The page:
Coronavirus: Rent support needed in commercial and residential property sectors - industry experts

Signing of a contract
The ability for tenants to pay rent is a key concern for property investors. Photo credit: Getty.

The Property Council is calling on the Government to provide assistance to businesses struggling to pay commercial rents during the COVID-19 crisis.

Similarly, real estate company Ray White said that inability to pay rent is also a concern for residential investors, as the full wage subsidy may not be enough to cover it.

On Wednesday, Finance Minister Grant Robertson announced further new measures to support small and medium-sized businesses, including support for commercial tenants and landlords, a tax-loss carry-back scheme, changes to tax loss continuity rules, more flexibility to meet tax obligations and business consultancy support.

The timeframe for commercial landlords to cancel leases has moved from 10 working days to 30. For commercial mortgages and home loans, the timeframe for exercising rights to sale or repossession of mortgaged land has also been extended, from 20 to 40 working days. 

Property Council CEO Leonie Freeman said that although extended time frames give tenants and landlords more time to resolve contractual issues, non-payment of rent has wider impacts.

She said that for businesses that hadn't made a substantial profit - including not-for-profits, the ability for tax losses to be carried back to the previous financial year won't provide the cash flow needed to pay the rent. 

"The Government is taking a holistic approach to supporting the property sector, which is understandable given the circumstances, but we believe more support will be needed for businesses that occupy tenancies now and in the next six-to-12 months," Freeman said.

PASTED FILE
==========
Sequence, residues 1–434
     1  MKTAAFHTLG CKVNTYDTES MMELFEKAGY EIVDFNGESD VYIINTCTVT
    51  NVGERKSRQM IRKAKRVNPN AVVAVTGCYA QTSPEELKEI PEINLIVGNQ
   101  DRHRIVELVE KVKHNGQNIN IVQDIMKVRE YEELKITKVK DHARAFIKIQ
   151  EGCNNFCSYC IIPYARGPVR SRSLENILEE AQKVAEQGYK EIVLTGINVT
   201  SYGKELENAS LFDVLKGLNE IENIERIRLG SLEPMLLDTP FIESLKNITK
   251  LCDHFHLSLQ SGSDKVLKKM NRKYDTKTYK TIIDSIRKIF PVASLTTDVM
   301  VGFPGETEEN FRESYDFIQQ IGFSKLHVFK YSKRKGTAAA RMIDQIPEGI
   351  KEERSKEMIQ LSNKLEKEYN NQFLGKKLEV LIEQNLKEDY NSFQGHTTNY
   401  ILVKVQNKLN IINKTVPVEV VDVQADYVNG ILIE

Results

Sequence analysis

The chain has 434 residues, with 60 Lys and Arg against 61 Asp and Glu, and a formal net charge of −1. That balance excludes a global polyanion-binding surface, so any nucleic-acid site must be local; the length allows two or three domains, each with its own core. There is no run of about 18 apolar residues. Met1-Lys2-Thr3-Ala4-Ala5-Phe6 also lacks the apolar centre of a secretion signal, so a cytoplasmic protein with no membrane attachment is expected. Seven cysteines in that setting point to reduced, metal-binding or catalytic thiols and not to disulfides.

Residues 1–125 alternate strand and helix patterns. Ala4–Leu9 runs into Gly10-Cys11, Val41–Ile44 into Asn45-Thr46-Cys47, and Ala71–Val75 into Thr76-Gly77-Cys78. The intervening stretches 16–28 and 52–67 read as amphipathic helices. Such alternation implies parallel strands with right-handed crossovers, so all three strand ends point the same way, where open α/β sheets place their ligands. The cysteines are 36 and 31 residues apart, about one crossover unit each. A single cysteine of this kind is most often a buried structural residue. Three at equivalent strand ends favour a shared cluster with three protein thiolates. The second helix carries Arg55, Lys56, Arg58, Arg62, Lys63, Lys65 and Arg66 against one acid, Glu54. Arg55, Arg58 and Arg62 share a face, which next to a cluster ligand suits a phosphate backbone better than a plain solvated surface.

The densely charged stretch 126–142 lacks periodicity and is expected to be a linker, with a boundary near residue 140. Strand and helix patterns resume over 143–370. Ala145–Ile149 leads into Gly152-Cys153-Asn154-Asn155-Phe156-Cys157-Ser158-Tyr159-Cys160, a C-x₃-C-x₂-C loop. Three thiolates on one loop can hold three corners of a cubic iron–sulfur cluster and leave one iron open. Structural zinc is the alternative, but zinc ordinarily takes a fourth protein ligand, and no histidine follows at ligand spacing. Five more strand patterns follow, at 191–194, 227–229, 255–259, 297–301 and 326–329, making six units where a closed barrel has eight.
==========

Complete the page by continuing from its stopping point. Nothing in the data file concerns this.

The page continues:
She said the Property Council has proposed a relief package for commercial tenants who had suffered a 50 percent drop in income.

"Proposals included a deferral of rent by landlords facilitated by the tax system and a targeted rent tax credit for tenants with direct financial assistance via a mechanism similar to the Government's wage subsidy," Freeman said. 

Although small businesses may be struggling to pay rent, commercial landlords and larger property owners are under pressure to make repayments. Lack of certainty about cash flow could present challenges in getting construction projects off the ground.  

"This could have a devastating effect on the property and construction sector, with hundreds of thousands of New Zealanders relying on these projects to stay in work and in business," Freeman added.

Zac Snelling, head of property management at Ray White, said that lack of tenant support for residential rental payments will create significant issues if assistance is not provided.

The wage subsidy provides a short-term back-stop - but in many cases, it may not be enough and this has a flow-on effect to landlords.

"If a tenant has lost employment and receives the full wage subsidy, they have only a 12-week income. That in many cases is still less than the median rent for a three-bedroom property (across all areas of NZ)," Snelling explained.

February TradeMe figures showed that the national median rent was $515 per week - around $70 less than the full-time weekly wage subsidy of $575.80 per week. Although in many cases that rent cost is shared, for many tenants paying for food and other household expenses on top is a struggle - and their landlords may rely on the rental income to help pay their own bills.

"We're seeing tenants and landlords working together as best they can, however, this isn't sustainable in the medium-to-long term," Snelling said.

"A lack of tenant support for rental payments will create significant issues for both tenants and landlords if assistance is not provided soon."